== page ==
Special Election and Other News

The special election for Senate District 41 is slated for next Tuesday, January 26, with Republican Adrian Dickey running against Democrat Mary Stewart.  The district currently has a registration advantage for the Democrats, but Republicans carried the district in the last two Senate elections. This seat is open due to Mariannette Miller-Meeks’ election to the U.S. House of Representatives.

Former Speaker Linda Upmeyer was elected co-chair of the Iowa Republican Party.

Federal Report

Joe Biden was inaugurated as the 46th President of the United States on Wednesday, January 20, just before noon.  The inauguration marks the commencement of a four-year term for President Biden and Vice-President Kamala Harris.  The inauguration took place amidst extraordinary political, public health, economic, and national security crises, including the ongoing COVID-19 pandemic and the threat of civil unrest. Inauguration festivities were sharply curtailed by efforts to prevent the spread of COVID-19 and mitigate the potential for violence near the Capitol.

Shortly after President Joe Biden was inaugurated, his administration began taking immediate action on a number of policy priorities.  However, the top priority this week was clearly COVID-19.

On Wednesday night, the Biden Administration released a 21-page summary of their “National Strategy for the Covid-19 Response and Pandemic Preparedness.” The full 200-page document was released Thursday. The plan focuses on seven areas:

  1. Restore trust with the American people.
  2. Mount a safe, effective, and comprehensive vaccination campaign.
  3. Mitigate spread through expanding masking, testing, data, treatments, health care workforce, and clear public health standards.
  4. Immediately expand emergency relief and exercise the Defense Production Act.
  5. Safely reopen schools, businesses, and travel while protecting workers.
  6. Protect those most at risk and advance equity, including across racial, ethnic, and rural/urban lines.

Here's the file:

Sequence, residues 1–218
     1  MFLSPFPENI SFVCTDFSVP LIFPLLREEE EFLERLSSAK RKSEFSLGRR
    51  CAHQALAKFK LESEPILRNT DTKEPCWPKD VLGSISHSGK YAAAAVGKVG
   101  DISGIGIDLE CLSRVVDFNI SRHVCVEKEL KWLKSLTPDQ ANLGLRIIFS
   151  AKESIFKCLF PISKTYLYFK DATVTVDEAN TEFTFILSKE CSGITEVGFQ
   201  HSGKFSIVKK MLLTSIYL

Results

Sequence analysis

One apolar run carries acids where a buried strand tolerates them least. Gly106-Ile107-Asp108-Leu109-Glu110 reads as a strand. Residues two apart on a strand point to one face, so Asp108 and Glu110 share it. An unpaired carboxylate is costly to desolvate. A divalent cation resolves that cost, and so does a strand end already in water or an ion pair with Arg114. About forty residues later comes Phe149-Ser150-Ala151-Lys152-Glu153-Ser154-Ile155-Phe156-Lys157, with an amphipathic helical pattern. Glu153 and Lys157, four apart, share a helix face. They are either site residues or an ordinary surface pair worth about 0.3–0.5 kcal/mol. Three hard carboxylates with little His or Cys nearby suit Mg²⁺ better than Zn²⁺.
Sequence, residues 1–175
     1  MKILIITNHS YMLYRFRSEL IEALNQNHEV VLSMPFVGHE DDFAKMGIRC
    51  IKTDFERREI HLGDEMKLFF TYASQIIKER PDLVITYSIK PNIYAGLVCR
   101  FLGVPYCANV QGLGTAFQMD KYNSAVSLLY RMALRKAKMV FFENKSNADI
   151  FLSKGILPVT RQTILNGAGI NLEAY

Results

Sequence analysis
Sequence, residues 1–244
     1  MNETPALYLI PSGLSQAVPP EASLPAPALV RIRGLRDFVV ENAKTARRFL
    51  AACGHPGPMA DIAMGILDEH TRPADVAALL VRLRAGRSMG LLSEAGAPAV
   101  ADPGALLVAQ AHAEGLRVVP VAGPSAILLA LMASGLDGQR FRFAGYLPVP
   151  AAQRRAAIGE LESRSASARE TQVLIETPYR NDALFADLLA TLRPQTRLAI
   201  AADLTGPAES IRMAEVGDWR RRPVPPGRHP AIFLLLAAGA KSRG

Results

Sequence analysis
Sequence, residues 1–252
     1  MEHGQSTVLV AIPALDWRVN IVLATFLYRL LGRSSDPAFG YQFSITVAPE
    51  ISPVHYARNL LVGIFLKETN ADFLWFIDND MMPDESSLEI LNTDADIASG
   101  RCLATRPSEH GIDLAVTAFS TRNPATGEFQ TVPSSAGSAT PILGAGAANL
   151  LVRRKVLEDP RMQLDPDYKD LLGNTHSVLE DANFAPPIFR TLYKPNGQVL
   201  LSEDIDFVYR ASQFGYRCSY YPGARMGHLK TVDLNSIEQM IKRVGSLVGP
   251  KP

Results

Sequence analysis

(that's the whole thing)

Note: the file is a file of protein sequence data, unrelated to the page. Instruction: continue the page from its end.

7. Restore U.S. leadership globally and build better preparedness for future threats.

On Thursday afternoon, President Biden held a press event to announce his strategy to combat COVID-19. Biden announced that he will sign 10 executive actions aimed at enhancing the federal response to the pandemic. Biden warned that it will take months to vaccinate the majority of Americans and that 100,000 people could die from the virus in the next month.

The ten executive actions and memos issued Thursday:

  1. Executive order directing federal agencies to use the Defense Production Act (DPA) to speed the manufacturing of coronavirus vaccines, testing, and supplies.
  2. Memorandum directing FEMA to increase federal reimbursement to 100% for the cost of National Guard personnel and emergency supplies.
  3. Executive order establishing a Pandemic Testing Board, aimed at increasing domestic capacity.
  4. Executive order directing studies to identify COVID-19 treatments.
  5. Executive order to improve data collection, production, sharing, and analysis.
  6. Executive order directing the Departments of Education and Health and Human Services to provide guidance for the safe reopening and operating of schools.
  7. Executive order calling on the Occupational Safety and Health Administration (OSHA) to release guidance for employers on worker safety; enhance worker health and safety requirements; and target the worst violators.
  8. Executive order requiring mask-wearing in airports and on multiple forms of interstate travel.
  9. Executive order to establish a COVID-19 Health Equity Task Force.
  10. Presidential directive to restore America’s leadership, support international pandemic response effort, promote resilience for future threats, and advance global health security

Iowa 2021 Legislative Report – Week 1

This content was published prior to the combination of Dentons Davis Brown. Learn more about Dentons Davis Brown.

The Legislature convened on Monday, January 15, with new COVID-19 protocols controlling access in the Capitol. The opening of the General Assembly began with remarks by leaders in both chambers and joint conventions for the Condition of the State speech by Governor Reynolds, the Condition of the Judiciary by Chief Justice Christensen, and the Condition of the Guard speech by Major General Benjamin Correll.

Iowa Legislative Branch Update

Among other priorities, majority leaders in both chambers emphasized the need for continued disciplined budgeting practices. Senate Majority Leader Whitver and Senate President Champan included remarks about improving Iowa’s tax climate and protecting K-12 education. President Chapman also mentioned that the legislature must propose an amendment to the Iowa Constitution that states there is no right to an abortion. House Speaker Grassley and House Majority Leader Windschitl also discussed the necessity to lower taxes and addressed the childcare crisis in Iowa. Majority Leader Windschitl also mentioned the protection of the unborn as well as the protection of rights under the Second Amendment.

Minority Leader remarks in both chambers were largely related to making pandemic recovery and investment in public health a priority.

Specifically, Senate Minority Leader Wahls called for the development of an independent and nonpartisan COVID Commission to investigate the state’s COVID response. House Minority Leader Prichard also took the opportunity to denounce the disturbance at the nation’s capital and the actions that threaten our democracy.